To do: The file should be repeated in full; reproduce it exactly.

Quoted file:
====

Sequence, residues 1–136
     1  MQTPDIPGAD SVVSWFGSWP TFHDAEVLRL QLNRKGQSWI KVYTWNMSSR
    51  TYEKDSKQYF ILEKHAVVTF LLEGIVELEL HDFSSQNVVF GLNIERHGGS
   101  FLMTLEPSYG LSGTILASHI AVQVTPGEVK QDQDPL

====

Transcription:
Sequence, residues 1–136
     1  MQTPDIPGAD SVVSWFGSWP TFHDAEVLRL QLNRKGQSWI KVYTWNMSSR
    51  TYEKDSKQYF ILEKHAVVTF LLEGIVELEL HDFSSQNVVF GLNIERHGGS
   101  FLMTLEPSYG LSGTILASHI AVQVTPGEVK QDQDPL